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https://www.readbyqxmd.com/read/28620835/twenty-years-since-the-discovery-of-the-parkin-gene
#1
REVIEW
Nobutaka Hattori, Yoshikuni Mizuno
Nearly 20 years have passed since we identified the causative gene for a familial Parkinson's disease, parkin (now known as PARK2), in 1998. PARK2 is the most common gene responsible for young-onset Parkinson's disease. It codes for the protein Parkin RBR E3 ubiquitin-protein ligase (PARK2), which directly links to the ubiquitin-proteasome as a ubiquitin ligase. PARK2 is involved in mitophagy, which is a type of autophagy, in collaboration with PTEN-induced putative kinase 1 (PINK1). The PINK1 gene (previously known as PARK6) is also a causative gene for young-onset Parkinson's disease...
June 15, 2017: Journal of Neural Transmission
https://www.readbyqxmd.com/read/28603669/combining-multi-dimensional-data-to-identify-key-genes-and-pathways-in-gastric-cancer
#2
Wu Ren, Wei Li, Daguang Wang, Shuofeng Hu, Jian Suo, Xiaomin Ying
Gastric cancer is an aggressive cancer that is often diagnosed late. Early detection and treatment require a better understanding of the molecular pathology of the disease. The present study combined data on gene expression and regulatory levels (microRNA, methylation, copy number) with the aim of identifying key genes and pathways for gastric cancer. Data used in this study was retrieved from The Cancer Genomic Atlas. Differential analyses between gastric cancer and normal tissues were carried out using Limma...
2017: PeerJ
https://www.readbyqxmd.com/read/28602540/deficiencies-in-mitochondrial-dynamics-sensitize-caenorhabditis-elegans-to-arsenite-and-other-mitochondrial-toxicants-by-reducing-mitochondrial-adaptability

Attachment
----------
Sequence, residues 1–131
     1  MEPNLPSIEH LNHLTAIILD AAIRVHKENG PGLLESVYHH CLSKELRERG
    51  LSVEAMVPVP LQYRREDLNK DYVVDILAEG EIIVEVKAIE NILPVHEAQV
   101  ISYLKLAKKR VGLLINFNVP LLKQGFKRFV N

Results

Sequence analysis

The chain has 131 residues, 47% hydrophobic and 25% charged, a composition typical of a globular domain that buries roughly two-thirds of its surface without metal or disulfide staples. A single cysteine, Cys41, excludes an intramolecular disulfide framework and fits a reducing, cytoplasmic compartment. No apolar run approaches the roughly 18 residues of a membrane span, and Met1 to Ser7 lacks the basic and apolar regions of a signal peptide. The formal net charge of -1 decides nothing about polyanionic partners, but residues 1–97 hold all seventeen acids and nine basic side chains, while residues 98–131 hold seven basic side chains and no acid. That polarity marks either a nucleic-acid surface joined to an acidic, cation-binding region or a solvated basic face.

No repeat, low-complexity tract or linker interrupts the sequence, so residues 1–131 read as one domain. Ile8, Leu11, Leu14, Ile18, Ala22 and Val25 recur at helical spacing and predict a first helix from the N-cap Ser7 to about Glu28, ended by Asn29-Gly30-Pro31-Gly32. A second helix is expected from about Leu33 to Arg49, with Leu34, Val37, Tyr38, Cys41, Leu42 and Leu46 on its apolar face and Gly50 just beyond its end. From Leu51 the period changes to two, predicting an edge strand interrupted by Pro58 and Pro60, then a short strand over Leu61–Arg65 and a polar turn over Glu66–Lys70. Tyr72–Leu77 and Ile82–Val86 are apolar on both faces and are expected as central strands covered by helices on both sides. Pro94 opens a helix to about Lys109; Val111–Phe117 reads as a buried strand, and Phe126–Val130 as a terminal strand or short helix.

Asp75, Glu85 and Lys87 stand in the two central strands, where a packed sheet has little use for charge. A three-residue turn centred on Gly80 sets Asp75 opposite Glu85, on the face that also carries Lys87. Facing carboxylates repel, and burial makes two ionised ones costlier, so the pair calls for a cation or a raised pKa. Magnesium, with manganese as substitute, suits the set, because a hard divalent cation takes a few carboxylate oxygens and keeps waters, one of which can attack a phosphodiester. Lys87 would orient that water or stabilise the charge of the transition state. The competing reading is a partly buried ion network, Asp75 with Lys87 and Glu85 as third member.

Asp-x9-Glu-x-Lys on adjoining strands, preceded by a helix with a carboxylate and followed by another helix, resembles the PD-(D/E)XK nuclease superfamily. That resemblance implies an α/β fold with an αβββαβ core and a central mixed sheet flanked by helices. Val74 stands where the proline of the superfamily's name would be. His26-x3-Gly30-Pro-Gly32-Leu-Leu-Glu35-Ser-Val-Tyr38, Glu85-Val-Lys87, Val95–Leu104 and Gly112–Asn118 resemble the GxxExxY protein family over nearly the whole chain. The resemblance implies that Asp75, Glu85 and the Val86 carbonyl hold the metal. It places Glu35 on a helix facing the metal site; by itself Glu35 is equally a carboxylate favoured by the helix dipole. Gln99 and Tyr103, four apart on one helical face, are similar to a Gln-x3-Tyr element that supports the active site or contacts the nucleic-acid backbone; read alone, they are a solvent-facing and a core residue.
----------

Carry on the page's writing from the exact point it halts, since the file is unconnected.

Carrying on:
#3
Anthony L Luz, Tewodros R Godebo, Latasha L Smith, Tess C Leuthner, Laura L Maurer, Joel N Meyer
Mitochondrial fission, fusion, and mitophagy are interlinked processes that regulate mitochondrial shape, number, and size, as well as metabolic activity and stress response. The fundamental importance of these processes is evident in the fact that mutations in fission (DRP1), fusion (MFN2, OPA1), and mitophagy (PINK1, PARK2) genes can cause human disease (collectively >1/10,000). Interestingly, however, the age of onset and severity of clinical manifestations varies greatly between patients with these diseases (even those harboring identical mutations), suggesting a role for environmental factors in the development and progression of certain mitochondrial diseases...
June 8, 2017: Toxicology
https://www.readbyqxmd.com/read/28577568/pirfenidone-inhibits-myofibroblast-differentiation-and-lung-fibrosis-development-during-insufficient-mitophagy
#4
Yusuke Kurita, Jun Araya, Shunsuke Minagawa, Hiromichi Hara, Akihiro Ichikawa, Nayuta Saito, Tsukasa Kadota, Kazuya Tsubouchi, Nahoko Sato, Masahiro Yoshida, Kenji Kobayashi, Saburo Ito, Yu Fujita, Hirofumi Utsumi, Haruhiko Yanagisawa, Mitsuo Hashimoto, Hiroshi Wakui, Yutaka Yoshii, Takeo Ishikawa, Takanori Numata, Yumi Kaneko, Hisatoshi Asano, Makoto Yamashita, Makoto Odaka, Toshiaki Morikawa, Katsutoshi Nakayama, Kazuyoshi Kuwano
BACKGROUND: Pirfenidone (PFD) is an anti-fibrotic agent used to treat idiopathic pulmonary fibrosis (IPF), but its precise mechanism of action remains elusive. Accumulation of profibrotic myofibroblasts is a crucial process for fibrotic remodeling in IPF. Recent findings show participation of autophagy/mitophagy, part of the lysosomal degradation machinery, in IPF pathogenesis. Mitophagy has been implicated in myofibroblast differentiation through regulating mitochondrial reactive oxygen species (ROS)-mediated platelet-derived growth factor receptor (PDGFR) activation...
June 2, 2017: Respiratory Research
https://www.readbyqxmd.com/read/28566165/peripheral-neuropathy-in-idiopathic-parkinson-s-disease-a-systematic-review
#5
REVIEW
Panagiotis Zis, Richard A Grünewald, Ray Kallol Chaudhuri, Marios Hadjivassiliou
BACKGROUND: Parkinson's disease (PD) has been associated with peripheral neuropathy (PN). PN has been demonstrated in some rare genetic forms of PD (e.g. PARK2 mutations) but has also been linked to levodopa exposure. OBJECTIVE: The aim of this systematic review is to clarify any evidence of peripheral nervous system involvement in idiopathic PD. METHODS: A systematic computer-based literature search was conducted on PubMed database. FINDINGS: The pooled estimate of the prevalence of large fiber PN in PD was 16...
July 15, 2017: Journal of the Neurological Sciences
https://www.readbyqxmd.com/read/28541025/structural-genomic-variations-and-parkinson-s-disease